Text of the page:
Along the same subject lines, you might find this blog or this one an interesting read.

Consider reading Scripture from a human point of view…this is a record of people’s experience of God. Ancient people lived in a very different culture etc. Their understanding and interpretation of God’s action in their lives is different than ours.

So, we need not read those troubling passages as meaning, only and simply, that God commanded such horrors, but rather, it may simply have been the understanding of the contemporary people, expressed in their thoughts and language, however imperfectly it reflected God’s true will.

The real meaning of love has been lost in our society. It has been reduced to mere sentiments, for the most part. Gushy “feelings.”

Love, however, is not a “feeling.” It is a choice, an act of the will.

We also forget that God is not only infinitely merciful, He is infinitely just.

God killing (or ordering the killing) of human beings is never unjust, because it is His right to kill anything/anyone that He creates. We think of killing as wrong, which it is, because we don’t have the same rights as God to kill anyone. When we kill someone, we are usurping God’s rights to do the same. When God does it, it is always right and just.

when the Israelis commited any unjustice to anyone, God always punished them. if God determine that someone had to die, it is because God uses His justice. there is no injustice in God. that is all that we need to know.

dont confuse justice with fairness.

Just because God loves everybody, it doesnt mean He will let us get away with everything.

What’s the point of that list? The author could have spared himself the trouble and just realized that God has killed every human being who has ever lived. God also created every human being who has ever lived. But it was by the envy of the devil and man’s sin that death became a reality of our lives, and it was by Jesus’ death and resurrection that we are given the opportunity to be resurrected on the last day.

The question of whether or not God determines anyone has to die is open to speculation and opinion. It’s not a clear cut fact according to Catholic teaching.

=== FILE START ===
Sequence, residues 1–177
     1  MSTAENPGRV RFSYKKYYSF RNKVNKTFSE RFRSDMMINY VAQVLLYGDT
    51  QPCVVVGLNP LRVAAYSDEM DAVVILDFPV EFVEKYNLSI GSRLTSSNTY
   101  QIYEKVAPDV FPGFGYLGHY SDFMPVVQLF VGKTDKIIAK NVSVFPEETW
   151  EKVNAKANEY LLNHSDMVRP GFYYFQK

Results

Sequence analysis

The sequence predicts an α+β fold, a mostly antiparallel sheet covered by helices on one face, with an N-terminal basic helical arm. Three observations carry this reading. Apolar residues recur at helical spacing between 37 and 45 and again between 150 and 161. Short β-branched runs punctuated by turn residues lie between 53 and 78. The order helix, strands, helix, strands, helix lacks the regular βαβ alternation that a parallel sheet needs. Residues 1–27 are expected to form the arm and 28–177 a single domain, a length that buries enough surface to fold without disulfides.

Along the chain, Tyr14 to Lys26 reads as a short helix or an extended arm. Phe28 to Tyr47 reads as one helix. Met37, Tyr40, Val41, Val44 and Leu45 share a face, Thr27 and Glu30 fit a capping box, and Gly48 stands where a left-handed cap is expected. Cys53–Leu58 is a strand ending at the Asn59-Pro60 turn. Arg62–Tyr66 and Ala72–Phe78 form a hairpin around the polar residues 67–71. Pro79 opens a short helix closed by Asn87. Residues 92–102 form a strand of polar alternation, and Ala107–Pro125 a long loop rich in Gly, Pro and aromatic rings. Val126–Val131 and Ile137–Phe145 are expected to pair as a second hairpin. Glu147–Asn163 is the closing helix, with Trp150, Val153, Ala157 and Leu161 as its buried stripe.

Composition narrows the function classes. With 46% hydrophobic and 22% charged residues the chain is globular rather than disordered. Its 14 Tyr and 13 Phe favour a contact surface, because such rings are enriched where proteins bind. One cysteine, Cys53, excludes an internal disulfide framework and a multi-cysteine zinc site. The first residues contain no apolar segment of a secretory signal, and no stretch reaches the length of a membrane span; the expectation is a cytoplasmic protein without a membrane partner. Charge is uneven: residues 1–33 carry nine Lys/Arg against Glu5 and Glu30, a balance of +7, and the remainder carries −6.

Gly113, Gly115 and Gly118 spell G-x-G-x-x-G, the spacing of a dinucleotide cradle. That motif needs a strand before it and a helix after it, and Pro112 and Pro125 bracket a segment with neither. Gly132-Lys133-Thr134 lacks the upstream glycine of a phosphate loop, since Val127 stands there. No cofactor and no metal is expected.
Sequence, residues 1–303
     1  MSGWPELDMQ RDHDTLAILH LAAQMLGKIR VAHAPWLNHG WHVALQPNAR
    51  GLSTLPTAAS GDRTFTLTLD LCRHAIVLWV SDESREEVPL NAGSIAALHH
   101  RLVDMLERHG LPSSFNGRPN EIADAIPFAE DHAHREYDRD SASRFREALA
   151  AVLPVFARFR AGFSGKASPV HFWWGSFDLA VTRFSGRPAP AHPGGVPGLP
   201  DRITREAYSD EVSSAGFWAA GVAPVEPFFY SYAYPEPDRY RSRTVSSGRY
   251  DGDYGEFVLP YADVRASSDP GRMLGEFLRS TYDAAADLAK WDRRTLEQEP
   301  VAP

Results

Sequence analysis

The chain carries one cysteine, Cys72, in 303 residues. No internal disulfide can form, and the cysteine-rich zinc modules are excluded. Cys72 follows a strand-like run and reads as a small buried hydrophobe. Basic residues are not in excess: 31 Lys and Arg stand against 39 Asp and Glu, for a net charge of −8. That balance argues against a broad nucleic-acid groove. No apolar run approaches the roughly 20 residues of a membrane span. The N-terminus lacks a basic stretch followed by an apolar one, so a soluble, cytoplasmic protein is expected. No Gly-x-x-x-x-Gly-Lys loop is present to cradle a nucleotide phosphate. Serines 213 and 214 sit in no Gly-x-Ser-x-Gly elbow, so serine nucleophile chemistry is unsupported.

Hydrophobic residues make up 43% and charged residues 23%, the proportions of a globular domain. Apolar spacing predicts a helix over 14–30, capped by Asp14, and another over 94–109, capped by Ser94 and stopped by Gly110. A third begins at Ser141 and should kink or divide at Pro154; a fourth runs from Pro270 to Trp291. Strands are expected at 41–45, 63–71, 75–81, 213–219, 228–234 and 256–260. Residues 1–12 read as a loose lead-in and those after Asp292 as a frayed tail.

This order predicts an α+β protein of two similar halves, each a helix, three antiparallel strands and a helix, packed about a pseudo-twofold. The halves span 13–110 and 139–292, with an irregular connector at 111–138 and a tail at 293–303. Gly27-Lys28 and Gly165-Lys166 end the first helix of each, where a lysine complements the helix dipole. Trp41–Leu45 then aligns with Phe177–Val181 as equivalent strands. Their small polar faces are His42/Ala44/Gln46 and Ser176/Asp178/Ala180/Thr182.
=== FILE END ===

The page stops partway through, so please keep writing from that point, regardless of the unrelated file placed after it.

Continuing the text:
Sure but as you say, when we kill it is for food/security of our home/etc. Killing in any manner which prolongs suffering unnecessarily WILL have people worked up because it is wrong and people do go to jail for that.

We have dominion over lower living organisms, but our dominion is not the same as the infinite rights possessed by God over his creation which he “continuously” maintains in existence.

sure, but being omnibenevolent along with omnipotent means that God would do things in the ‘best’ possible way, always.

Secondly, man is not in a position to know and see what God does, and man is not in a position to even begin to appreciate God’s justice. Likewise, man’s sense of justice, love, and mercy are imperfect while God’s sense of these things is infinitely perfect.

This line can be used to justify anything, in any religion.

Thirdly, man is not infinite or perfect. Man is prone to sin and often commits sin. Man, who is finite sins against God who is infinite. The seriousness of the sins of finite man against our infinite God dwarf the seriousness of a dog mauling its master’s child. In the latter finite case and circumstance, no one has a problem dispatching the canine offender.

yes, but again, the dog wouldn’t be mauled to death as a punishment, it is killed quickly.

It is totally inappropriate for us to try applying our judgment, as if it is somehow the standard, to the actions of God. We have only fragments of the picture and have little or no clue what is proper.

again, we have intelligence and must be able to use it to determine which religion is likely to be the most accurate. Were one to evangelize to another and not be able to explain a concerning issue such as this, to some degree at least, that person would be left not as confident that Catholicism is the true religion.